For most for-profit companies, the answer is generally “no.” In 2010 guidance, the Department of Labor asserted that most such interns are actually employees who should be paid wages. Since then, unpaid interns have sued several large employers, including NBC Universal Media Inc., Viacom Inc., Sony Corp., and Donna Karan International, Inc., under the Fair Labor Standards Act (FLSA). In these lawsuits, the interns have claimed that they were actually employees but did not receive the required minimum wages and overtime owed to them. In a recent class action lawsuit brought by interns who worked for Saturday Night Live, NBC has offered to pay a settlement of $6.4 Million.
According to the DOL, an employer may only utilize an unpaid intern if:
- The internship, even though it includes actual operation of the facilities of the employer, is similar to training which would be given in an educational environment;
- The internship experience is for the benefit of the intern;
- The intern does not displace regular employees, but works under close supervision of existing staff;
- The employer that provides the training derives no immediate advantage from the activities of the intern; and on occasion its operations may actually be impeded;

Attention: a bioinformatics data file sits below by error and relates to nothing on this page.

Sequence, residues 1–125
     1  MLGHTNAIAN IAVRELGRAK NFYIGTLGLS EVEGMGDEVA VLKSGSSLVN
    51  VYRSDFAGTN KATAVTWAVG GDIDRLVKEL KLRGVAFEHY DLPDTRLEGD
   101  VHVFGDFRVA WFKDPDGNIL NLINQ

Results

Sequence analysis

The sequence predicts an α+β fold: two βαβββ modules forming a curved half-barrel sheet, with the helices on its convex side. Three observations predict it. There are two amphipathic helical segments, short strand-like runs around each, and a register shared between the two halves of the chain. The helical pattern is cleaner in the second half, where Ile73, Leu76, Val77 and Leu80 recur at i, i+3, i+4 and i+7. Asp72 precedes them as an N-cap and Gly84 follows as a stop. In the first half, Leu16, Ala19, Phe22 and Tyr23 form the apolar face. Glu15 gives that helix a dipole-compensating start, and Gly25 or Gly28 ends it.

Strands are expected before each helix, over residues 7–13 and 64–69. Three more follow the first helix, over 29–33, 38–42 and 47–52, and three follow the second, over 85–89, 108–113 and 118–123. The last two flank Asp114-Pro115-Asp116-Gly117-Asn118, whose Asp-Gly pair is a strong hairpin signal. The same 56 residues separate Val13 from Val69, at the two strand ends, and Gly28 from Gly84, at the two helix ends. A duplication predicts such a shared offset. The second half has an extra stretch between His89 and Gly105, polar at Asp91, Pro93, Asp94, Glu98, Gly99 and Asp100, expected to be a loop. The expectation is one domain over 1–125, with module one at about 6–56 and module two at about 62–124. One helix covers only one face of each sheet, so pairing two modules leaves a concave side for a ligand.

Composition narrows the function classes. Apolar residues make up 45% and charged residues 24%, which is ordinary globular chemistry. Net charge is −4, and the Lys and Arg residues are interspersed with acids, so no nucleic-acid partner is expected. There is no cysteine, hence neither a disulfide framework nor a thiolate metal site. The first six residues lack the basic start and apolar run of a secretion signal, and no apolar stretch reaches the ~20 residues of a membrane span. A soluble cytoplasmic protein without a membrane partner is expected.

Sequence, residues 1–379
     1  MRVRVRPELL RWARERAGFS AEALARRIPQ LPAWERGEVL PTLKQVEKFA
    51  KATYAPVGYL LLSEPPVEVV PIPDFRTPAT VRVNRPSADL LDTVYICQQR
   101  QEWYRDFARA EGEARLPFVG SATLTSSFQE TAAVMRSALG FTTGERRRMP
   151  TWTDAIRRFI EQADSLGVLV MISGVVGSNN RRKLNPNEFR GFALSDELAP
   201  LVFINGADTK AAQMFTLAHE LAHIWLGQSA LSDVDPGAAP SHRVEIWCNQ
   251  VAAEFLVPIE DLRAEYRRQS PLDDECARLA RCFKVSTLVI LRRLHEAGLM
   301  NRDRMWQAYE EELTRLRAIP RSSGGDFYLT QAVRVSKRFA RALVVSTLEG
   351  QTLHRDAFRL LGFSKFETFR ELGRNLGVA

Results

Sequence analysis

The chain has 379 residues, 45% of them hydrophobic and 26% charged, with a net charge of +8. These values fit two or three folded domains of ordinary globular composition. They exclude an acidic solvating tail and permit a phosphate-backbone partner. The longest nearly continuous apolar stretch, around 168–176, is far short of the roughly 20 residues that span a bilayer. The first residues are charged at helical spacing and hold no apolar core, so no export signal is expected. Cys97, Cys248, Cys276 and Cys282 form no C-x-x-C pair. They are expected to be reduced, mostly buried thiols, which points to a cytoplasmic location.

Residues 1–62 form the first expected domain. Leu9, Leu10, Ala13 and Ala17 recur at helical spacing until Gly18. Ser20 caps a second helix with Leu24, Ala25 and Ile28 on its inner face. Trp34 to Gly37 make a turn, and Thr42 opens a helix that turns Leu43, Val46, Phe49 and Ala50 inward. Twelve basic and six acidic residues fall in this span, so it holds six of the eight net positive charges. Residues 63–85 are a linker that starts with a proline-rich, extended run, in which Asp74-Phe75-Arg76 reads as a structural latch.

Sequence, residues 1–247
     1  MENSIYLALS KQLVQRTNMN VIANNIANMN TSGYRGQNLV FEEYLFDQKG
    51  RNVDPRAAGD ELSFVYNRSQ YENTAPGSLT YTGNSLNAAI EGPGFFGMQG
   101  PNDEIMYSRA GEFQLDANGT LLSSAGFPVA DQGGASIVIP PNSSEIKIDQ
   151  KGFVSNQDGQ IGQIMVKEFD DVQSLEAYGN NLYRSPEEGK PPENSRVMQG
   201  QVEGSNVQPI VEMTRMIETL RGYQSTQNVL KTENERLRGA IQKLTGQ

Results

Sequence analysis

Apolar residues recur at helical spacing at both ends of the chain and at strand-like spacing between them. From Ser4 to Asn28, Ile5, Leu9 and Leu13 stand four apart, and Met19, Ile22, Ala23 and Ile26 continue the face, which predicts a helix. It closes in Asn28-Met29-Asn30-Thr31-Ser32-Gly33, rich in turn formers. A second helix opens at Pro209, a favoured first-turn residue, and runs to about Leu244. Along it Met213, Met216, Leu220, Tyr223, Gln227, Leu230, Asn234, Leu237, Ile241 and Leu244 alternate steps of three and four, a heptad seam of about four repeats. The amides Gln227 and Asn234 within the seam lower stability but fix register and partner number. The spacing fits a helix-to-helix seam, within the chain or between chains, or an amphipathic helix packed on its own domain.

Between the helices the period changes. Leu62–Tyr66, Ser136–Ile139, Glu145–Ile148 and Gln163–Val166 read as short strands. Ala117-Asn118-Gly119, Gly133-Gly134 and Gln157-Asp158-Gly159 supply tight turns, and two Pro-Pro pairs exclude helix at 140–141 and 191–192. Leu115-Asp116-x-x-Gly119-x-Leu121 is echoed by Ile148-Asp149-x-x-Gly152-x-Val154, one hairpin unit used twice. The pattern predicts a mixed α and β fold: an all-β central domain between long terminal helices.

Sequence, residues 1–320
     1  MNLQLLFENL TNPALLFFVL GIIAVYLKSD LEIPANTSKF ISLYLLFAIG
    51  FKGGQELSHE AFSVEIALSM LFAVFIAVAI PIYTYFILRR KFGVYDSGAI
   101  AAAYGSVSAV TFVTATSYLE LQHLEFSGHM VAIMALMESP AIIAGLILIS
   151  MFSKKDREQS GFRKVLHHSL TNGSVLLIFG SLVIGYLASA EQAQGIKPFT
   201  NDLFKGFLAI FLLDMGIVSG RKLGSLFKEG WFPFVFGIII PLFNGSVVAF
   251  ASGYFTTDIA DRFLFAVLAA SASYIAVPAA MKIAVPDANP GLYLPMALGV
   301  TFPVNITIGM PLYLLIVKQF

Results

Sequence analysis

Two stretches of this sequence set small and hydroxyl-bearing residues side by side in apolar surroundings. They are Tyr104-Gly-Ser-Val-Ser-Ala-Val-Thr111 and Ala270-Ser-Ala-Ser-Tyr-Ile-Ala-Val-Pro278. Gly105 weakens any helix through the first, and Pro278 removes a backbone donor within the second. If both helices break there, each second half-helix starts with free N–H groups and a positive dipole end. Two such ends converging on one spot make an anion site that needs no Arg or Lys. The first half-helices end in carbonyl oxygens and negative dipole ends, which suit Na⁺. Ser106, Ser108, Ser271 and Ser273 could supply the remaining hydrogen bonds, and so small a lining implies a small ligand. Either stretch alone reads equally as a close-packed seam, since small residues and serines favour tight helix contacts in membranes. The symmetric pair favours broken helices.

- The intern is not necessarily entitled to a job at the conclusion of the internship; and
- The employer and the intern understand that the intern is not entitled to wages for the time spent in the internship.
Even if a business satisfies this test, it must still consider the wage and hour law of the state or states in which it is located. These requirements may be more stringent than the FLSA.
For non-profit entities, unpaid workers may qualify as volunteers if they perform services solely for public service, religious or humanitarian objectives, and do not perform any paid work for the non-profit. (If they do perform paid work, they can only be considered volunteers for part of their time under limited circumstances.)
As a result, companies should realize that generally workers must receive pay for services performed. When questions arise, they should consult with skilled employment law counsel.
The above is for information purposes only and does not constitute legal advice.